SACRAMENTO (CBS13) — Are nursing homes under-reporting COVID-19 cases and deaths? Many believe they are.
As it stands, at least two out of five COVID-19 deaths in California are linked to nursing homes.
In a review of weeks of nursing home COVID-19 data, CBS13 found inconsistencies and inaccuracies. It’s a serious concern for many with loved ones in these facilities.
Yolanda Elston was shocked when her mom’s nursing home called to say she’d suddenly passed away.
“She was lively. She was fun,” Elston said.
When Elston asked if her mom had coronavirus, “I was told no, she did not. And in fact, they had no cases in the facility.”
That was before the feds officially ordered nursing homes to disclose COVID-19 cases to residents and families last week.
The home now reports as many as 85 cases and fewer than 11 deaths, but the facility won’t say if Elston’s mom Gail is included in that number. Her official cause of death is still Chronic Obstructive Pulmonary Disease (COPD).
Attorney Wendy York says she believes many nursing homes are under-reporting. She says the more coronavirus cases they report, the less likely it is that they’ll get new clients, and more likely it is that they’ll face scrutiny from public health officials.
“They have a financial incentive to under-report,” York said.
But the California Association of Health Care Facilities disagrees, telling CBS13: “Of all the different healthcare settings, skilled nursing homes in California are the most transparent.” They point to the data they are required to provide for the federal Nursing Home Compare website and the daily COVID-19 reports the homes are now required to give the state.
But York says she’s heard from many with first-hand knowledge of nursing home COVID-19 cases who say the numbers posted on the state’s website are wrong.
“They said, ‘Hey, we’ve got a loved one in this facility here and they have a lot more COVID-19 cases in what’s reported on the facility,'” York said.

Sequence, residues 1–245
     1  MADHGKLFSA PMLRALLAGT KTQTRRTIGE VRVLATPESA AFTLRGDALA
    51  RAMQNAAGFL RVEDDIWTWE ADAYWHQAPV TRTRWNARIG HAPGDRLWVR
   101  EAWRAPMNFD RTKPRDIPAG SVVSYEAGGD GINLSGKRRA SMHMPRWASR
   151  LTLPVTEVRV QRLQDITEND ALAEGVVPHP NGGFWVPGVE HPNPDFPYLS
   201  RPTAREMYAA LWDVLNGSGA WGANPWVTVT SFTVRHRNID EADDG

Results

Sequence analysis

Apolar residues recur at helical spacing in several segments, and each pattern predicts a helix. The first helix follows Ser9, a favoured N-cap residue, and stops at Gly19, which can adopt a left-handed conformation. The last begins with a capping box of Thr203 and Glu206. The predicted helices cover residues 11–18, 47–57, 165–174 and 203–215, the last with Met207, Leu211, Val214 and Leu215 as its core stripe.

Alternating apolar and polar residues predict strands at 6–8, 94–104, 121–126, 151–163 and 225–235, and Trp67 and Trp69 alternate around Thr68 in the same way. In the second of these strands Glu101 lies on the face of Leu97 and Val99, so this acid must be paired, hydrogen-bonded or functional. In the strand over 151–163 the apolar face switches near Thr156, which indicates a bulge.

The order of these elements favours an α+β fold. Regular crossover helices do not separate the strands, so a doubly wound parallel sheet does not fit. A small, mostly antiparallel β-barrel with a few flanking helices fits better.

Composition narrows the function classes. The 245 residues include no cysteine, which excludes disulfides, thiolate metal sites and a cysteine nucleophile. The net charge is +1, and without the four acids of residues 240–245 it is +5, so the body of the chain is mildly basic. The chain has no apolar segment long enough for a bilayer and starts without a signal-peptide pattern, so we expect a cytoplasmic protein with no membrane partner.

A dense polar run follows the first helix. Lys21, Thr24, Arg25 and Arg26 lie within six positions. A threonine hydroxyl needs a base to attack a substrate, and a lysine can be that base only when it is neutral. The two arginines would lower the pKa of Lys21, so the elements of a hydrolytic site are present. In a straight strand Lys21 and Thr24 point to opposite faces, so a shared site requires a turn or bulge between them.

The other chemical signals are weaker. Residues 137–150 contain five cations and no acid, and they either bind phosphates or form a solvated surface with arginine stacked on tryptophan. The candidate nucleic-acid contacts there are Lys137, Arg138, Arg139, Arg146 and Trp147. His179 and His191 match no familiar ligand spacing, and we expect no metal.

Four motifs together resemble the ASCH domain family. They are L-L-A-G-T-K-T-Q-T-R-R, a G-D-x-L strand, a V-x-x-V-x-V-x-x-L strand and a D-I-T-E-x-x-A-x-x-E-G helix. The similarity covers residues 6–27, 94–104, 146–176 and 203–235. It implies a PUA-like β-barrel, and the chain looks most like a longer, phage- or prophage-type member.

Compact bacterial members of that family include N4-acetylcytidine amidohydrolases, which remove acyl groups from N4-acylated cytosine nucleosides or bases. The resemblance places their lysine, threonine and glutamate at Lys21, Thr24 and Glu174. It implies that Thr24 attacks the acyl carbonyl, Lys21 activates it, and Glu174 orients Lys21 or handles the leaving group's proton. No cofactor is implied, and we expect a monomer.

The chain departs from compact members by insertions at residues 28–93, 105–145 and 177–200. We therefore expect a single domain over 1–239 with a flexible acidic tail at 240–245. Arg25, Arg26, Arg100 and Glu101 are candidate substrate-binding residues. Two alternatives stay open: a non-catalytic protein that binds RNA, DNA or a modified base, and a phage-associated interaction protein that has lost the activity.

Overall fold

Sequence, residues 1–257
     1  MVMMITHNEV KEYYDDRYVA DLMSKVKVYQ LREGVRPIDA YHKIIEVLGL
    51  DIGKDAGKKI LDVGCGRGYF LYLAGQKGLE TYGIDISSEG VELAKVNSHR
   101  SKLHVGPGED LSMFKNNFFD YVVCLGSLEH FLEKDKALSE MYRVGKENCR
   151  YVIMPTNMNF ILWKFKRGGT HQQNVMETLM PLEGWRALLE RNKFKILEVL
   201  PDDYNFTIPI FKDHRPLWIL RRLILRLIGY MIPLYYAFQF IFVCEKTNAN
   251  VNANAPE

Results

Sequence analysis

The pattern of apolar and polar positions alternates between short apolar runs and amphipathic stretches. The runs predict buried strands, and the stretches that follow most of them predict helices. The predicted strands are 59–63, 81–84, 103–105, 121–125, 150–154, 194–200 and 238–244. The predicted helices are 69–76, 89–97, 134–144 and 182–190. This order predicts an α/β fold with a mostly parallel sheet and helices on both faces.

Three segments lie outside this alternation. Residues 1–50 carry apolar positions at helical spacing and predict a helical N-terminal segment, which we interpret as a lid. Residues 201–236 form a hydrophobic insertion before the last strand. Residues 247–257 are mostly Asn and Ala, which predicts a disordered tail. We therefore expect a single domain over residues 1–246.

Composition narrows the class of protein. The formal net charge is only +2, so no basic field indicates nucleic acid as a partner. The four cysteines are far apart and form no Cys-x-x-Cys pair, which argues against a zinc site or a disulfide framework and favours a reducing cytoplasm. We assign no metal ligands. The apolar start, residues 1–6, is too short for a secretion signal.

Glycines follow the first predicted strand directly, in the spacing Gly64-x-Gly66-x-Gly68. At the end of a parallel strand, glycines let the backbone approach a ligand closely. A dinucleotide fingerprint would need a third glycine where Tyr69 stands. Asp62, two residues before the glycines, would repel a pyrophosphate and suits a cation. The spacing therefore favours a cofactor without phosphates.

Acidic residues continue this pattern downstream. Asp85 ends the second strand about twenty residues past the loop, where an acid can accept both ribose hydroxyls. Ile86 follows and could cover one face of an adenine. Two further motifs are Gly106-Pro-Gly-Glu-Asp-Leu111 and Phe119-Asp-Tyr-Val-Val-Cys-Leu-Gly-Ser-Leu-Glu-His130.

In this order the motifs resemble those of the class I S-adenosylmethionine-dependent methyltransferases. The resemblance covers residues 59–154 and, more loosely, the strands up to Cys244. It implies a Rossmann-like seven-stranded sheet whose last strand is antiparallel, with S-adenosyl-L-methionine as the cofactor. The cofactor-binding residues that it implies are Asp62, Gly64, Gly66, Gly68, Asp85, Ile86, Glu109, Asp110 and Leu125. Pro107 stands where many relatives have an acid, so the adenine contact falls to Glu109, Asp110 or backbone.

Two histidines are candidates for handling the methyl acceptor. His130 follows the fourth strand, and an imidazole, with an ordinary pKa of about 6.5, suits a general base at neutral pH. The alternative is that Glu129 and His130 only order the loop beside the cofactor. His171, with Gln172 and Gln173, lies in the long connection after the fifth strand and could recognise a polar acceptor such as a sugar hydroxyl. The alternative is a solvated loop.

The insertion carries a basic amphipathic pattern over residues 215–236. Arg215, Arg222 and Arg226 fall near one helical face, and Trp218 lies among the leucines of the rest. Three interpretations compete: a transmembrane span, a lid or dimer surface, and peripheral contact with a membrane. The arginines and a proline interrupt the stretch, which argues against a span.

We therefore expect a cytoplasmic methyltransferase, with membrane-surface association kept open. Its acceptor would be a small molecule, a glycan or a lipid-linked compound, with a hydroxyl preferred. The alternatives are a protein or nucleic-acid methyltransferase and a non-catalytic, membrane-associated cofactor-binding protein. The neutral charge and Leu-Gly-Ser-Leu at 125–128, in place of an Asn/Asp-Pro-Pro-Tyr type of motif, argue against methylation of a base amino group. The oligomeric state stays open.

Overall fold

CBS13 also found inaccuracies within those reported numbers, and confusing updates.
For instance, Yolanda’s mom’s nursing home reported 85 cases earlier this week, but on Thursday, those numbers were removed. The Department of Public Health tells CBS13, “The data is facility reported. If a skilled nursing facility does not report that day it is listed as N/A.”
Shortly after CBS13 questioned the California Department of Public Health about the inconsistencies, the webpage was updated to include the following note (here is a previous version of the web page):
“NOTE: Data collection is undergoing a transition during the weeks of May 10, 2020 and May 17, 2020 as CDPH enhances its data collection process to improve accuracy, timeliness, and to align with new guidance from the federal Center for Medicare & Medicaid Services (CMS). CDPH guidance for the new reporting process is in All Facilities Letter 20-43.2″
“You can’t fight when you can’t find and we need to make sure we have all the info available,” said Congressman Josh Harder, whose district has been hit hard by the coronavirus.
One Turlock nursing home now reports more than 150 cases and 16 deaths. Just nine days ago, state data showed no reported cases at all.
“We need to make sure that there are testing requirements,” Harder said.
He says the first step is new federal legislation that he voted for today. He says it will, among other things, require nursing homes to report accurate demographic data on residents with COVID-19 and require the feds to post those numbers on the national Nursing Home Compare site.
The legislation brings some comfort to Elston.
“I think people should be aware of what’s going on,” she said.
California Association of Health Facilities told CBS13 they have been advocating for testing of all nursing home residents and staff for several months. Harder says he’s pushing for that on the federal level too.